Use diesel-powered vehicles. Hoarding gasoline won't work; the chemicals that once kept it fresh will degrade it in time. After a year or so, it goes bad. Chances are gas stations will run out of gasoline but there could be some diesel left. In addition, all military diesels can run on other fuels as well, from rotten kerosene to fermented leaves. So invest in something that can handle the harder fuels.
Hard-core doomers need not drain their airplane-liquor-bottle stash to envision the potential: Imagine New York after, say, an electromagnetic pulse attack that wipes out the power grid (like the kind North Korea recently threatened). The bridges and streets resemble a scene from the old John Carpenter movie “Escape From New York,” but the privileged few can soar across the Hudson to safety (or at least New Jersey). “From the time you push the button, you could be in the air in less than 30 seconds,” Mr. Mayman said.
Sure, you could master jiu-jitsu. “But if it’s really on, hand-to-hand self-defense will only take you so far,” said Jason Charles, a firefighter and organizer of the New York City Prepper’s Network. To balance legality with lethality in a bug-out bag, he said, “you have to go simpler — hammers, hatchets, certain heavy tools.” That roll of old silver quarters might come in handy, too.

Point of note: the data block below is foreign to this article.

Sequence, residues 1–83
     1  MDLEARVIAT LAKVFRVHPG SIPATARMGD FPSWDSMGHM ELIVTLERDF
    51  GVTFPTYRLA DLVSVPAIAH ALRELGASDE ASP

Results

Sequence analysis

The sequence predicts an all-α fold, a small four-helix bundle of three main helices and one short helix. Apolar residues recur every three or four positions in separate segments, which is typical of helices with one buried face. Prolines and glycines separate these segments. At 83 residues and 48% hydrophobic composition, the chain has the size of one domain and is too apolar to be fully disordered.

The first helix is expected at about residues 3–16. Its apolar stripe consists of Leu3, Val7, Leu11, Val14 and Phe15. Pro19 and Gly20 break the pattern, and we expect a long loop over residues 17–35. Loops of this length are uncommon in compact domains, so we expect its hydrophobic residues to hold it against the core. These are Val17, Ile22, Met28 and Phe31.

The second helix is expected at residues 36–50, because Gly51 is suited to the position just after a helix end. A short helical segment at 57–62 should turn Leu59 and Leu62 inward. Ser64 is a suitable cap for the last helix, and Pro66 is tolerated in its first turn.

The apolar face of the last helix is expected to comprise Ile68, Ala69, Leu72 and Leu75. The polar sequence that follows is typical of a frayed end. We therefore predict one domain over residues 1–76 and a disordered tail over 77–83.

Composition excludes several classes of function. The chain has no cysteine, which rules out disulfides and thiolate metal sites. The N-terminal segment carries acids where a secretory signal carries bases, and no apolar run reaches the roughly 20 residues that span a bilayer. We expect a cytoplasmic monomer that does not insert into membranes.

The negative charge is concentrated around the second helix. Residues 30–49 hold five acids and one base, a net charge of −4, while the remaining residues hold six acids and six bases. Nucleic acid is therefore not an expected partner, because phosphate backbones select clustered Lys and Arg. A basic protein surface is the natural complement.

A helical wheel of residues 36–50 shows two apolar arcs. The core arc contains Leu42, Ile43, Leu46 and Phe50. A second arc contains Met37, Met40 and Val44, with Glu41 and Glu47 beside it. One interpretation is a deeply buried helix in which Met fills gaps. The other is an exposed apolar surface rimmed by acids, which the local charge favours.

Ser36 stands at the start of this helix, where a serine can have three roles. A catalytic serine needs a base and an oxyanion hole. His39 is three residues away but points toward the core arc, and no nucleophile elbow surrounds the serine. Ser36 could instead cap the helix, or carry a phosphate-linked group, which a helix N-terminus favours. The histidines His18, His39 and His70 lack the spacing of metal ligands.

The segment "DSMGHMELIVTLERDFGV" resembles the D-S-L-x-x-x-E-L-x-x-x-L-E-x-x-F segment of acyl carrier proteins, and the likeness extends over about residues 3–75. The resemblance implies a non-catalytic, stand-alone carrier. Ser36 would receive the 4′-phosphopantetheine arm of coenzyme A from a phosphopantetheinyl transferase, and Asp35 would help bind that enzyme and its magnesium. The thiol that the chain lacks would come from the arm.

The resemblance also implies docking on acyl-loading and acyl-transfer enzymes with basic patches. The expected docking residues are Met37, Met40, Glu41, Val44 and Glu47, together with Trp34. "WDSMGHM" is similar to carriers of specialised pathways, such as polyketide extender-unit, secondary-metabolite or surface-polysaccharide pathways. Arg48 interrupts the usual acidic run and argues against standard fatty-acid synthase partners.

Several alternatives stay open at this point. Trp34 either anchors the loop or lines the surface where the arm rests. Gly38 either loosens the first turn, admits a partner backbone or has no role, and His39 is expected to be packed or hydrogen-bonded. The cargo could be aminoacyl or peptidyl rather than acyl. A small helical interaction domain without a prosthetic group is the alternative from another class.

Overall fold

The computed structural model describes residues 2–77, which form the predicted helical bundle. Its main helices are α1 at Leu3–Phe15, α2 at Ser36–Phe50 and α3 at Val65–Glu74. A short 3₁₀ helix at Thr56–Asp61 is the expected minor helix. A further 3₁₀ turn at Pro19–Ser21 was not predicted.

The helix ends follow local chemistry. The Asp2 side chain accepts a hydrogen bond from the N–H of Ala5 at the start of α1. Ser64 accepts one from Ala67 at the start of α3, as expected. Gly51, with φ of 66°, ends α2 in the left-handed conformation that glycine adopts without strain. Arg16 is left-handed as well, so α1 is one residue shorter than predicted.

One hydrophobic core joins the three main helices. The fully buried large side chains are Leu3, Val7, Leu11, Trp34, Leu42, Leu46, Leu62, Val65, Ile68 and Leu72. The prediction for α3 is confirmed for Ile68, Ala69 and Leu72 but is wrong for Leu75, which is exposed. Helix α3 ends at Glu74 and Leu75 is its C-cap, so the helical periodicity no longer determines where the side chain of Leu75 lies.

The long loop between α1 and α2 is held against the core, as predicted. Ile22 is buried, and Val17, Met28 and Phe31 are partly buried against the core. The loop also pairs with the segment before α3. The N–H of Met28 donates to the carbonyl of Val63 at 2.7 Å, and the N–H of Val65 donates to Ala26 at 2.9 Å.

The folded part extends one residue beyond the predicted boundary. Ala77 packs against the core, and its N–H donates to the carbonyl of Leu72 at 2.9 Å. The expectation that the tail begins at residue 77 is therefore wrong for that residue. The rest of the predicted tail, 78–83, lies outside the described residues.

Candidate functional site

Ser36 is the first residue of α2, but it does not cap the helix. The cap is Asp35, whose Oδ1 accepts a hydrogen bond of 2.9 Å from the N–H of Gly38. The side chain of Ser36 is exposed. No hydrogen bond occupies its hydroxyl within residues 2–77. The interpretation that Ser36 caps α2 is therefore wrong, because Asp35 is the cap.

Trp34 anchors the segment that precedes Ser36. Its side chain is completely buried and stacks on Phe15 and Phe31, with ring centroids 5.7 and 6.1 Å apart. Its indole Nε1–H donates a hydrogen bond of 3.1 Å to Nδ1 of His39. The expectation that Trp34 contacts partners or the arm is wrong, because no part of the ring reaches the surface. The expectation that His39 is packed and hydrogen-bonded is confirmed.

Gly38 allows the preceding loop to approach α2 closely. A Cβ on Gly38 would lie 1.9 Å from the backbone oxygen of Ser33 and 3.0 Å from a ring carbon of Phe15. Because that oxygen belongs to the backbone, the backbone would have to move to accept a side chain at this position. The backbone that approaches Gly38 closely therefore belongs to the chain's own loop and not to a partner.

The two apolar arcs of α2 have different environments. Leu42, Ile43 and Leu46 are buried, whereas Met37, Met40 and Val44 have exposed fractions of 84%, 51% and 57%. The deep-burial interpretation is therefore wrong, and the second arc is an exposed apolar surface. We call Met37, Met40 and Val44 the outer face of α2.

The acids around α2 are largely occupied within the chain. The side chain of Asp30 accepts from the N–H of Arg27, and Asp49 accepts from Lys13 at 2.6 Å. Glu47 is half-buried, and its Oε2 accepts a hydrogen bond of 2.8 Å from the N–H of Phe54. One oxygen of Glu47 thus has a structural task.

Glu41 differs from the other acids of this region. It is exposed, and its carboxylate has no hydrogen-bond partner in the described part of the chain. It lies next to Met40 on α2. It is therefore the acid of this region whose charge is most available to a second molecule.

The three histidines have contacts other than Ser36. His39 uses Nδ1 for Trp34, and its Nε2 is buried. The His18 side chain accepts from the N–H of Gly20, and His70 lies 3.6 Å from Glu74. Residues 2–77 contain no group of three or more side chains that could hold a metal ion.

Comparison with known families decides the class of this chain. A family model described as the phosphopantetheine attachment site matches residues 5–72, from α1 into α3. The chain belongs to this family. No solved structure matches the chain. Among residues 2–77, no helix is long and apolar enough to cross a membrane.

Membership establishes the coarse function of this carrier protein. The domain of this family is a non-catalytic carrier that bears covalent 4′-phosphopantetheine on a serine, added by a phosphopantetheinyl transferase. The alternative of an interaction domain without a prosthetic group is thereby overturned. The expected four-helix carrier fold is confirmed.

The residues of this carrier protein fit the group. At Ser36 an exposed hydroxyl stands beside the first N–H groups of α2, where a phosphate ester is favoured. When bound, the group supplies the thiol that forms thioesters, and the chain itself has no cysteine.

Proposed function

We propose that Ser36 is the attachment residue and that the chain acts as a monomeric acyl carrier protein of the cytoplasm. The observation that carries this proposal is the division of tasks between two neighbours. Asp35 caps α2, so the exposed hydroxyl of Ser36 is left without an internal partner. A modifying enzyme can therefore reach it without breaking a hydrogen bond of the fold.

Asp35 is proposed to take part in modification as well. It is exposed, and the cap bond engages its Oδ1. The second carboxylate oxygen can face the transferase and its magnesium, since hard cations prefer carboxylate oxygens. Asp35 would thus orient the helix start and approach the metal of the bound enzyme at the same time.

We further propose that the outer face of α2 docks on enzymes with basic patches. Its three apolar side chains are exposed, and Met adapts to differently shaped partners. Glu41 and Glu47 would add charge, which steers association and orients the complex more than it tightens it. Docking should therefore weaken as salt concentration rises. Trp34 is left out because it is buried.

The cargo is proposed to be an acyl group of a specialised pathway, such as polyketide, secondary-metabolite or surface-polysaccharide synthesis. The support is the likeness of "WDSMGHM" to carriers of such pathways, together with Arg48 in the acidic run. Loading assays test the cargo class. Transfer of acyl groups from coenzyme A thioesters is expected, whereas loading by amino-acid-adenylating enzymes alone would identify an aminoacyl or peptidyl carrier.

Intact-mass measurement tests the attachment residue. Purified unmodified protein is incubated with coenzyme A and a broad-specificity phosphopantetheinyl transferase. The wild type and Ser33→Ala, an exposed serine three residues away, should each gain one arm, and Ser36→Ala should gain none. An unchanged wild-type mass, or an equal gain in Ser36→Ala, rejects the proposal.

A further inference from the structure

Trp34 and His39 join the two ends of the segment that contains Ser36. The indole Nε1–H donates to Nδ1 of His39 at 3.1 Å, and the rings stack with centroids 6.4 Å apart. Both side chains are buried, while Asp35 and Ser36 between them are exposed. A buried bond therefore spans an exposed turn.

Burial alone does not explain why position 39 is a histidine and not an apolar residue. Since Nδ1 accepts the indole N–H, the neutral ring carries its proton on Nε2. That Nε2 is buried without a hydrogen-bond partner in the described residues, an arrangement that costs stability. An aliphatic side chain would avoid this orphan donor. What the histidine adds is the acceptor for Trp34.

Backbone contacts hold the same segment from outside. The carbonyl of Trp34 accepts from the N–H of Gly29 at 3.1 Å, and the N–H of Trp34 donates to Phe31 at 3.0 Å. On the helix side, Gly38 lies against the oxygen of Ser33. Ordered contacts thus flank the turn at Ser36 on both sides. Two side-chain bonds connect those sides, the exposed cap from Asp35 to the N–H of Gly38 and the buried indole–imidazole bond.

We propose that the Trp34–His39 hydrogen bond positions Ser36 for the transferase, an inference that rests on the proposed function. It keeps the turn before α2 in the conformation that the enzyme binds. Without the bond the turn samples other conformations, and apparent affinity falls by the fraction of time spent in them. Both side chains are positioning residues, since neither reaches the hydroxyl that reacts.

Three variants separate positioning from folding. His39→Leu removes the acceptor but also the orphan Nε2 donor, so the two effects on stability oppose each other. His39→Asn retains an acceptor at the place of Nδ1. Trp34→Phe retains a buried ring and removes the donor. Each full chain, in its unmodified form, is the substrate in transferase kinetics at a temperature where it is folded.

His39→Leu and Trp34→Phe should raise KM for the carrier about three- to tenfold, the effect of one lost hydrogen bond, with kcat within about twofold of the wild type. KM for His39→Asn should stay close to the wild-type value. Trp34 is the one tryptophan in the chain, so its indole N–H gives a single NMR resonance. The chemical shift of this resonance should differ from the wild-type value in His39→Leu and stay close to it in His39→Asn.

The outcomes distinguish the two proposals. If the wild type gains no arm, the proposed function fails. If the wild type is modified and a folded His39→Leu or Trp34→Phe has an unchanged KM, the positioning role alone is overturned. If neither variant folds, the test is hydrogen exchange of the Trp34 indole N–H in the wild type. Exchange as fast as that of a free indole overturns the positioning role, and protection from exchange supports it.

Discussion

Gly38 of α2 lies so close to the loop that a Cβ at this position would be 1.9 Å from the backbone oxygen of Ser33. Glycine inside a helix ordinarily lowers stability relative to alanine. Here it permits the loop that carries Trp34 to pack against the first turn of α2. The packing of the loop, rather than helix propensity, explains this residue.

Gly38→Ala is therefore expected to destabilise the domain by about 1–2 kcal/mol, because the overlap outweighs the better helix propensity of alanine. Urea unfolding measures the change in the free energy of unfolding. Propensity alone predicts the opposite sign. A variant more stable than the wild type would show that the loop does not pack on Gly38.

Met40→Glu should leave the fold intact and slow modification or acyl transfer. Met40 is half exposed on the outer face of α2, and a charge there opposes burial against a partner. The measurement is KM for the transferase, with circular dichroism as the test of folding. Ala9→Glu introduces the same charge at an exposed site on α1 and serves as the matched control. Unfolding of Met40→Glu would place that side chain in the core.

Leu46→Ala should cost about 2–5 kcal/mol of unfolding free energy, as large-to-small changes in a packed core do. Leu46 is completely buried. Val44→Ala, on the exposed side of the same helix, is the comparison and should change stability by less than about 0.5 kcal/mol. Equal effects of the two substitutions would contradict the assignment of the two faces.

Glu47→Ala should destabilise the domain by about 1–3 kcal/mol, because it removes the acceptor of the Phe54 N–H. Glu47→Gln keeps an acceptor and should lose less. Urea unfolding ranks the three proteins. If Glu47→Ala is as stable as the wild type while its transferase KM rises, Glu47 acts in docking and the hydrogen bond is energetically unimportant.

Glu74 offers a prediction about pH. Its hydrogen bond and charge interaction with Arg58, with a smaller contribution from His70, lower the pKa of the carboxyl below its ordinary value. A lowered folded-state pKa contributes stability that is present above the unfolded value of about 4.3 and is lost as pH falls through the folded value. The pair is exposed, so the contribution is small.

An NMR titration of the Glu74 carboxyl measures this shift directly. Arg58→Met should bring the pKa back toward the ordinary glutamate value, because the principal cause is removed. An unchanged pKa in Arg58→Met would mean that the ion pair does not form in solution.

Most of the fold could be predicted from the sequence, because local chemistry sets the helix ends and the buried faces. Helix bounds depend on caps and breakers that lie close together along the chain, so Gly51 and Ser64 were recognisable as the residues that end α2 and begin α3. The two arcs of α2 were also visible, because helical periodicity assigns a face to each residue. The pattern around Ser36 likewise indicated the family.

If it’s the middle of winter and all available building supplies are frozen or buried under snow, remember that snow will have the same insulating effect as a stick-built shelter. For more cold weather survival tips, CLICK HERE. Additionally, always seek out shelter where the ground is dry. If it is raining, waterways may overflow their banks and ravines, and washes may form.